Eduard Vrdoljak, Tomislav Omrčen – Department of Oncology, University Hospital Split, Medical School Split, Split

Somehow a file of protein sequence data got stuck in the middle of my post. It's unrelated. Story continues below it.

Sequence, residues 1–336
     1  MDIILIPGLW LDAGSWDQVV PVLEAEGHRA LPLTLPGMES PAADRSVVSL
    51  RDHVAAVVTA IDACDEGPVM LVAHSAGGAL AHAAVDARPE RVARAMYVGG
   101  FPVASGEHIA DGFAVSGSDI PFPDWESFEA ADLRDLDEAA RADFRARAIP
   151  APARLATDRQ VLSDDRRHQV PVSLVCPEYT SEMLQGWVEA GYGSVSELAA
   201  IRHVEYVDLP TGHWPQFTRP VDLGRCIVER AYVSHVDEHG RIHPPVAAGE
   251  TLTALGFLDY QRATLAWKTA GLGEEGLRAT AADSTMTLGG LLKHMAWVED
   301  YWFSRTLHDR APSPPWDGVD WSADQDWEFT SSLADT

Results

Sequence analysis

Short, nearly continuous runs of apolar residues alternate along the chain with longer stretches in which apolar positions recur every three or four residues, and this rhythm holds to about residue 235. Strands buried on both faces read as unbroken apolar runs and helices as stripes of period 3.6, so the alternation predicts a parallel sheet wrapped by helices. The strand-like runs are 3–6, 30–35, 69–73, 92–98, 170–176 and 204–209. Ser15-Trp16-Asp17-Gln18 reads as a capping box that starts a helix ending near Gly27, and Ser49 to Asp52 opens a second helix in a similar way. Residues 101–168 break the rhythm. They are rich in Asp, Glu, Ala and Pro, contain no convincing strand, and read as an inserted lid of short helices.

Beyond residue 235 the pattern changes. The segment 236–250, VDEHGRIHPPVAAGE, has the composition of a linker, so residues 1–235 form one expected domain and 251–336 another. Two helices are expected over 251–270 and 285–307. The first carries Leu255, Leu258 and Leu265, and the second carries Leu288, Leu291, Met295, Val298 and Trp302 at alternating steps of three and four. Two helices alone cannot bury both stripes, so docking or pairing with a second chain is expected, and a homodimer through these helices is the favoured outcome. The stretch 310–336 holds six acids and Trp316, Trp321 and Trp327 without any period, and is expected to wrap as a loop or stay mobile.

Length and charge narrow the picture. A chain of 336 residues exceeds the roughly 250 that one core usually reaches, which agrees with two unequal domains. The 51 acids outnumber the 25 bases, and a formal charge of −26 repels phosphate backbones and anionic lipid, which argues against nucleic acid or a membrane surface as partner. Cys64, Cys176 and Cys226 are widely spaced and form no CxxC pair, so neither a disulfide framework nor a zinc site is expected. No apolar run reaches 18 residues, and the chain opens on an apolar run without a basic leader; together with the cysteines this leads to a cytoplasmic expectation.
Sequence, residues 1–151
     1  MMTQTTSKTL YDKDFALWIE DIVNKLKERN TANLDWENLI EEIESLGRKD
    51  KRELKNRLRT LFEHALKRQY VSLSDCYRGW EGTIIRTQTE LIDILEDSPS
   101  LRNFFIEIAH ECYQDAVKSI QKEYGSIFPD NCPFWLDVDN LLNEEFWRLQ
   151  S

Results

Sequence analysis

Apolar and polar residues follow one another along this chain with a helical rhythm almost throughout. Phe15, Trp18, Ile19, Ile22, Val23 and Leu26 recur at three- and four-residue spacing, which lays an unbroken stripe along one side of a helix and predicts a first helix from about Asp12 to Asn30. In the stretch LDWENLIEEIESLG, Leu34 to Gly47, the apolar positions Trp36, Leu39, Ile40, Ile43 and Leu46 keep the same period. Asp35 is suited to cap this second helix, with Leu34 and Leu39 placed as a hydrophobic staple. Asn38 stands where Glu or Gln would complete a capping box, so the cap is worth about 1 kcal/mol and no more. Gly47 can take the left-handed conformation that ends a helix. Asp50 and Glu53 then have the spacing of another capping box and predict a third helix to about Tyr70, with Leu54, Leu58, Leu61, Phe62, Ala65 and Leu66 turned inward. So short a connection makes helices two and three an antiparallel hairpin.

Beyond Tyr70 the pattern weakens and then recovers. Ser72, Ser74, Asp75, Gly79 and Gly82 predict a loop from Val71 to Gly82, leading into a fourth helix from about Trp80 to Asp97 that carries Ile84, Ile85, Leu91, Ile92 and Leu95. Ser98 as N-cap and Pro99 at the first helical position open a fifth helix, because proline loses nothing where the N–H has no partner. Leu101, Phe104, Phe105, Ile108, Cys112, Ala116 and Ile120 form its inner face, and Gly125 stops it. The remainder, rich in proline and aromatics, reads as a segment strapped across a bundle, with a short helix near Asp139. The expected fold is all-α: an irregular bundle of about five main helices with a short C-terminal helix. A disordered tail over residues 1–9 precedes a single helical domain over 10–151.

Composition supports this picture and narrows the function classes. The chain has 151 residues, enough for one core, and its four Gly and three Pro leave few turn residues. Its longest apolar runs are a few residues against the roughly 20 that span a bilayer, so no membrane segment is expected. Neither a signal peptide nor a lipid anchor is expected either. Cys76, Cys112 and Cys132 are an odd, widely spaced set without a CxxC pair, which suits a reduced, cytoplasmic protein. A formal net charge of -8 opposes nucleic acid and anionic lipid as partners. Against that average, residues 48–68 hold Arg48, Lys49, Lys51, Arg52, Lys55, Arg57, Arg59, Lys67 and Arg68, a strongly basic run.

Bone metastases (BMs) are common in patients with renal cell carcinoma (RCC) and approximately in 30% of patients with metastatic RCC (mRCC) will develop. Inhibition of vascular endothelial growth factor (VEGF) has been pursued as a therapeutic target in the treatment of metastatic clear cell RCC (mRCC). Tyrosine kinase inhibitors (TKIs), such as sunitinib, pazopanib, sorafenib, and axitinib, became the therapy of choice for patients with mRCC. Apart from the undisputed effi cacy of TKI in treatment of mRCC, the problem of metastatic bone disease still remains. There is evidence that the presence of BMs in m-RCC patients has a signifi cant and clinically-relevant negative impact on survival and potentially on the outcome of VEGF-targeted therapy. Also, common practice in the treatment of such patients is bonedirected therapy with BPs. Recent evidence shows a potentially synergistic effect on effi cacy but also a potential impact on increased toxicity of combining TKIs and BPs. This review highlights the importance of this subject and aims to facilitate further research and optimize the treatment of this important and common group of RCC patients.